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Syrian people fight for survival as multiple powers face off

Syrians have continued to flee to neighboring countries and Europe as conflict in their country has intensified, and in Lebanon, nearly one in four people is a Syrian migrant. Meanwhile, pro-Assad leaders have condemned the coordinated strikes on Syria, with Hezbollah calling them an “aggression.” NewsHour Weekend Special Correspondent Jane Ferguson joins Hari Sreenivasan from Beirut for more reaction from the Middle East.

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  • HARI SREENIVASAN:

    NewsHour Weekend Special Correspondent Jane Ferguson joins us now via Skype from Beirut to discuss the reaction in the Middle East. So Jane, we’ve had some time for this to settle. What’s the reaction been here?

  • JANE FERGUSON:

    Hari, in Lebanon we’ve seen condemnation of the attack from the president, Michel Aoun. He is a Christian who is allied with Hezbollah. Now he himself has said that the missile strikes will impede all ongoing attempts to end the suffering of the Syrian people. Unsurprisingly, we’ve also seen condemnation coming from Hezbollah themselves calling this a “trilateral treacherous American, British, French aggression against Syria.” Now those of course are voices from the very much pro-Assad side of things here. I think anybody who is anti-Assad or pro-opposition is not exactly celebrating in the streets here, as we have seen in Damascus for those who are backing the government there they’d be celebrating but those who are anti-Assad or are likely to see this as something that’s not necessarily going to change the course of the war, it won’t really change Assad’s ability to kill his own people and attack them with the conventional weapons, which have been by and large the most common way of killing people in Syria to date.

  • HARI SREENIVASAN:

    There are so many different actors inside Syria at the moment — the entire neighborhood seems to be involved either directly or as proxies?

  • JANE FERGUSON:

    Certainly. This is a multilayered war and of course, what was so concerning and what everyone was very worried about in the run up to the strikes was that there could be any possible clashes between, direct clashes between America and Russia. This has been the kind of war that has turned into various proxy wars for some time. Now you have the Turks in the north who are basically fighting Kurds in there. You also have 2,000 American troops inside Syria right now fighting ISIS. You have, of course, the Russians there, Hezbollah and Iran. And we also have Israel watching very anxiously Iran’s growing position in Syria and any attempts to entrench their position in there. And what was lost actually in the news yesterday was that the Israelis made an announcement that the drone that they shot down over their own territory back in February that they say was an Iranian drone. Yesterday, they actually said that it was armed that it had explosives attached and that they believe it was intended to attack them.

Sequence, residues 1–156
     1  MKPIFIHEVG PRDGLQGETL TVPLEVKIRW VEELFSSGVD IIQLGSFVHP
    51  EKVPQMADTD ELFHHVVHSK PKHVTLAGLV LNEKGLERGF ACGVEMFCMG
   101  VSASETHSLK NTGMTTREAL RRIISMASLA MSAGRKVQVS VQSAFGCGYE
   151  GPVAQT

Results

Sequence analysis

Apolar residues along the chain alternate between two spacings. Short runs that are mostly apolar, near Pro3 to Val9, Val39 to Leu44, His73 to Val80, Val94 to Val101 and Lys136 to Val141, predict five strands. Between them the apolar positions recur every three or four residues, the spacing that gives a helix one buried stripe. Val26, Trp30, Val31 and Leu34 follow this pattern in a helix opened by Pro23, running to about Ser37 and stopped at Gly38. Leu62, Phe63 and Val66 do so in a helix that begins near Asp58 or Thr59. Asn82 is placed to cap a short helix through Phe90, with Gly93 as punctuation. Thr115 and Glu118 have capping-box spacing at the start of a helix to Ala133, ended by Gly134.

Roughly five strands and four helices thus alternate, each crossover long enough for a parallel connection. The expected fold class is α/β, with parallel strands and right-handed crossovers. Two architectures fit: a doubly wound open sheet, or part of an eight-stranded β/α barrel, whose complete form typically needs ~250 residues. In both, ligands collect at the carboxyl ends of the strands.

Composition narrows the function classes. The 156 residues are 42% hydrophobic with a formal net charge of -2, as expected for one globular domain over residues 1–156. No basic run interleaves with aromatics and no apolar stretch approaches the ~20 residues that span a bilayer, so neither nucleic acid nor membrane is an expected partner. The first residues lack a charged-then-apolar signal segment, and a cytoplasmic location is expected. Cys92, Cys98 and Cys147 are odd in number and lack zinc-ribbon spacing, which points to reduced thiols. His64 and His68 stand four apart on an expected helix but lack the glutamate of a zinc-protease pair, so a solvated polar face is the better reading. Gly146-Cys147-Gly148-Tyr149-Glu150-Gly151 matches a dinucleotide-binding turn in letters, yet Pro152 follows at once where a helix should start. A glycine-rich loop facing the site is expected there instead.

• HARI SREENIVASAN:

    And finally, let’s not forget the people involved the displacement of Syrians from this civil war has had a ripple effect throughout the Middle East.

  • JANE FERGUSON:

    Hugely, of course, here in Lebanon now one in four people is a Syrian and you see that across in other areas like Jordan and Turkey and of course the migration of people towards Europe. Now, when we talk Hari about all of these proxy wars we’re talking about American interests in Syria, Russian interests, Turkish interests. There never seems to be anybody who’s really fighting on the side of the Syrian people and that is the great tragedy of this war and if the war continues the way it’s going then those people are going to continue to suffer.

  • HARI SREENIVASAN:

    All right. There’s NewsHour Weekend Special Correspondent Jane Ferguson joining us via Skype from Beirut tonight. Thanks so much.

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